# Introduction to Idealstan

#### 2018-10-30

Note: To report bugs with the package, please file an issue on the Github page.

If you use this package, please cite the following:

Kubinec, Robert. “Generalized Ideal Point Models for Time-Varying and Missing-Data Inference”. Working Paper.

This package implements IRT (item response theory) ideal point models, which are models designed for situations in which actors make strategic choices that correlate with a unidimensional scale, such as the left-right axis in American politics, disagreement over product design in consumer choice, or psychometric scales in which the direction that items load on the latent scale is unknown. Compared to traditional IRT, ideal point models examine the polarizing influence of a set of items on a set of persons, and has similarities to models based on Euclidean latent spaces, such as multi-dimensional scaling. In fact, this package also implements a version of the latent space model for binary outcomes, which is an alternate formulation of an ideal point model.

The goal of idealstan is to offer a wide variety of ideal point models that can model missing-data, time-varying ideal points, and incorporate a range of outcomes, including binary outcomes, counts, continuous and ordinal responses. In addition, idealstan uses the Stan estimation engine to offer full and variational Bayesian inference for all models so that every model is estimated with uncertainty. Variational inference provides a means to estimate Bayesian models on very large data sets when full Bayesian estimation is impractical. The package also exploits variational inference to automatically identify models instead of requiring users to pre-specify which persons or items in the data to constrain in advance.

The approach to handling missing data in this package is to model directly strategic censoring in observations. This particular version was developed to account for legislatures in which legislators (persons) are strategically absent for votes on bills (items), but it applies to any social choice situation in which actors’ failure to respond to an item may be a function of their ideal point. This approach to missing data can be usefully applied to many contexts in which a missing outcome is a function of the person’s ideal point (i.e., people will tend to be present in the data when the item is far away or very close to their ideal point). If missingness does not appear to arise as a function of ideal points, the models will still incorporate missing data but will assume it is essentially random.

The package includes the following models:

1. IRT 2-PL (binary response) ideal point model, no missing-data inflation
2. IRT 2-PL ideal point model (binary response) with missing- inflation
3. Ordinal IRT (rating scale) ideal point model no missing-data inflation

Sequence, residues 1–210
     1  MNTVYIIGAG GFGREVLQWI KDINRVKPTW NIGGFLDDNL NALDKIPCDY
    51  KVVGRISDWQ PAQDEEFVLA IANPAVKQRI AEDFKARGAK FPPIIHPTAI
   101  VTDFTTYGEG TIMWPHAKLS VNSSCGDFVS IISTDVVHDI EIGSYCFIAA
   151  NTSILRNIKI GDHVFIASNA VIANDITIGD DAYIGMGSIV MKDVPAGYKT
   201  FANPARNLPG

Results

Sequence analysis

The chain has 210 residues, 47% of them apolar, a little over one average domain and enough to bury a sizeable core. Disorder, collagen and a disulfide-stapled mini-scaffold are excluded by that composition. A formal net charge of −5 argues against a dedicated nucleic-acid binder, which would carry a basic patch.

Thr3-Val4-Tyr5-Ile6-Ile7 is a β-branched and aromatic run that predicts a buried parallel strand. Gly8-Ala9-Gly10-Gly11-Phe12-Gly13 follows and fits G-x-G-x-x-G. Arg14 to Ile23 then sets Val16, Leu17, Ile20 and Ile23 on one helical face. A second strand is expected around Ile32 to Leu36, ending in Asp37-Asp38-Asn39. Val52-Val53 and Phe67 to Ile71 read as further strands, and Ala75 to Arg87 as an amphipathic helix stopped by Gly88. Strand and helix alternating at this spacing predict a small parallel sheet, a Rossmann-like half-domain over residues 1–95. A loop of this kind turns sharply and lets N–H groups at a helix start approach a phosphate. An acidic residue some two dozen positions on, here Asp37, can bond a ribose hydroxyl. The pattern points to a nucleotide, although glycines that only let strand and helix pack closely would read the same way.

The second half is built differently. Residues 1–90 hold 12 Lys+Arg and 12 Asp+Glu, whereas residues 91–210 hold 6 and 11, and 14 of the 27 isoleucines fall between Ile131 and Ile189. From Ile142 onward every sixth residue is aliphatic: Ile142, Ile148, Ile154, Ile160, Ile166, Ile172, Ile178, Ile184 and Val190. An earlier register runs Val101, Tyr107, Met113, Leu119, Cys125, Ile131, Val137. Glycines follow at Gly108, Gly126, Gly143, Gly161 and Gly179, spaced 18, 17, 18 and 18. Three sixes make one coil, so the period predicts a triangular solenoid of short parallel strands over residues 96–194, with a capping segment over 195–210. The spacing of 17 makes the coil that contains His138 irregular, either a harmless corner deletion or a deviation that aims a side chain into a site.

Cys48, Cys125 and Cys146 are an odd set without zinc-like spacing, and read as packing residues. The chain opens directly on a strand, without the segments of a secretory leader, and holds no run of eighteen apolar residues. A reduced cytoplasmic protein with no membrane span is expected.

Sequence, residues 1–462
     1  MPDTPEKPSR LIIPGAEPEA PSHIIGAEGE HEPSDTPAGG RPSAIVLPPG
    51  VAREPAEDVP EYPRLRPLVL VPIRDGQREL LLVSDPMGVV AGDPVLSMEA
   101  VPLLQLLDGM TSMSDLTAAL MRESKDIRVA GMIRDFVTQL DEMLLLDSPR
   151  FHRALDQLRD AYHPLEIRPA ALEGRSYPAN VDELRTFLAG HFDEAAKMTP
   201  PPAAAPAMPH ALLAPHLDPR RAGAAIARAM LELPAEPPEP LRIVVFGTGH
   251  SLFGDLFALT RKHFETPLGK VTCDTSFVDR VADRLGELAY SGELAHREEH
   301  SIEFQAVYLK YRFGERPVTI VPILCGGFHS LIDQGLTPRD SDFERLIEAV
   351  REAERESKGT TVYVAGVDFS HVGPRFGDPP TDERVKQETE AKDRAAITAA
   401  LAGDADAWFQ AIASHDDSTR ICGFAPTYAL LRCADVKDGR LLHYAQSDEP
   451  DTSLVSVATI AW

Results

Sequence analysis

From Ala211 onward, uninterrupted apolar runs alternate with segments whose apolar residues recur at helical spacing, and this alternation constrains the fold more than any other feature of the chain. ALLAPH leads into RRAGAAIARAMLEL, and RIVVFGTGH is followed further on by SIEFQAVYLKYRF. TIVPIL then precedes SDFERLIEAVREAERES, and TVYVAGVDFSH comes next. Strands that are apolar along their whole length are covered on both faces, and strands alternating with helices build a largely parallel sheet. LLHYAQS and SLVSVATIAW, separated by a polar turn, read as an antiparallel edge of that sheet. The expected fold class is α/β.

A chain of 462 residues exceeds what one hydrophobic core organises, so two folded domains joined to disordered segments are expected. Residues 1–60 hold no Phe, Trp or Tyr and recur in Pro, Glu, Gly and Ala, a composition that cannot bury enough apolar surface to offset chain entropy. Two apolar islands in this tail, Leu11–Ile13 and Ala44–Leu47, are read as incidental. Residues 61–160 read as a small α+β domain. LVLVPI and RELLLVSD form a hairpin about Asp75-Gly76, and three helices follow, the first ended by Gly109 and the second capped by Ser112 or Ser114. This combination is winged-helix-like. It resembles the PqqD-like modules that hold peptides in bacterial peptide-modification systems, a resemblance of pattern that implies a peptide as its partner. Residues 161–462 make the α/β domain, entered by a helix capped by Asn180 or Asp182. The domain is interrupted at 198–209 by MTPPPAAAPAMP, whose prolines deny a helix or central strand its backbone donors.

4. Ordinal IRT (rating scale) ideal point model with missing-data inflation
5. Ordinal IRT (graded response) ideal point model no missing-data inflation
6. Ordinal IRT (graded response) ideal point model with missing-data inflation
7. Poisson IRT (Wordfish) ideal point model with no missing data inflation
8. Poisson IRT (Wordfish) ideal point model with missing-data inflation
9. Continuous (Gaussian) IRT ideal point model with no missing data
10. Continuous (Gaussian) IRT ideal point model with missing-data inflation
11. Positive-Continuous (Log-normal) IRT ideal point model with no missing data
12. Positive-Continuous (Log-normal) IRT ideal point model with missing-data inflation
13. Latent Space (binary response) ideal point model with no missing data
14. Latent Space (binary response) ideal point model with missing-data inflation

In addition, all of these models can be estimated with either time-varying or static ideal points if a column of dates for each item is passed to the model function. This package implements the standard time-varying ideal point model by Martin and Quinn (2002) in which ideal points follow a random walk, i.e., in each time period the ideal points can jump in a random direction. In addition, I have implemented a stationary AR(1) ideal point process for situations in which the random walk model does not appropriately reflect over-time change in ideal points. For more information, please see the vignette about time-varying models.

The package also has extensive plotting functions via ggplot2 for model parameters, particularly the legislator (person) ideal points (ability parameters).

This vignette demonstrates basic usage of the package. I first simulate data using the package, document basic usage and then show an empirical example from the U.S. Senate.

## Simulation of Ordinal IRT with Missing Data

To begin with, we can simulate data from an ordinal ideal-point model in which there are three possible responses corresponding to a legislator voting: yes, abstain and no. An additional category is also simulated that indicates whether a legislator shows up to vote or is absent, which traditional IRT models would record as missing data and would drop from the estimation. This package can instead utilize missing data via a hurdle model in which the censoring of the vote/score data is estimated as a function of individual item/bill intercepts and discrimination parameters for the decision to be absent or present. In other words, if the missing data is a reflection of the person’s ideal point, such as more conservative legislators refusing to show up to vote, than the model will make use of this missing data to infer additional information about the legislators’ ideal points.